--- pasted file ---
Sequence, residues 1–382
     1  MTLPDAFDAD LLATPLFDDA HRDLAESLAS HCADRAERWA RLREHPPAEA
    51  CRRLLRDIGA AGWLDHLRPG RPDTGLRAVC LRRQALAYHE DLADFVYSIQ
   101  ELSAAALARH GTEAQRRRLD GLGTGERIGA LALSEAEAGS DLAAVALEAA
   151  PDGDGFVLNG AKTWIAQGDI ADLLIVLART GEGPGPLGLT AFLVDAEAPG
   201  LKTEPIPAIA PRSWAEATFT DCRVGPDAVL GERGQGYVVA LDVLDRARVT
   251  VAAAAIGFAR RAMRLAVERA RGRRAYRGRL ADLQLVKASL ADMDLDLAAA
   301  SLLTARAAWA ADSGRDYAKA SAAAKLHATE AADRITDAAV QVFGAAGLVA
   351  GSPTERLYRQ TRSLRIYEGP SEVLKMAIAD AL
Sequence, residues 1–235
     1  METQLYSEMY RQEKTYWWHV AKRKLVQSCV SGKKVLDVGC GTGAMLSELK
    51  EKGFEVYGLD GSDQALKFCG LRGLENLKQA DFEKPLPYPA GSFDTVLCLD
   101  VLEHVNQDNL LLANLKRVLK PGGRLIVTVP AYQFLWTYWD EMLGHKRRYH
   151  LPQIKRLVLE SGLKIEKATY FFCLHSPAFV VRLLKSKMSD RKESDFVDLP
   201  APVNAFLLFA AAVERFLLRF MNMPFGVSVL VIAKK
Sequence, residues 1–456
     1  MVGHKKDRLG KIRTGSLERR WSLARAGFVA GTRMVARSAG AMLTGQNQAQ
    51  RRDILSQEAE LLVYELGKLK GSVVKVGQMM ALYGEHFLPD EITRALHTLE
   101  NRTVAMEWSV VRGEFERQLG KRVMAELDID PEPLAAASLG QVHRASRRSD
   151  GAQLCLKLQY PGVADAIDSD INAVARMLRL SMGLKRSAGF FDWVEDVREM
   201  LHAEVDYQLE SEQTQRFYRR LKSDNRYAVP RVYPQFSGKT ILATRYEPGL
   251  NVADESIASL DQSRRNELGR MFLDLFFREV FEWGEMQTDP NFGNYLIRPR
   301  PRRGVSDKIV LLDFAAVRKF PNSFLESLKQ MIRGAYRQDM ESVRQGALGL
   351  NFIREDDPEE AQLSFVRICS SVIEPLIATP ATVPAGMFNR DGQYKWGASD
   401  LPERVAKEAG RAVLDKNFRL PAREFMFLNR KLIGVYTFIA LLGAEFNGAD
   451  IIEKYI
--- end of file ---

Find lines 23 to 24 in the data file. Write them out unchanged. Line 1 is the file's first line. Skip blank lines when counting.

   301  PRRGVSDKIV LLDFAAVRKF PNSFLESLKQ MIRGAYRQDM ESVRQGALGL
   351  NFIREDDPEE AQLSFVRICS SVIEPLIATP ATVPAGMFNR DGQYKWGASD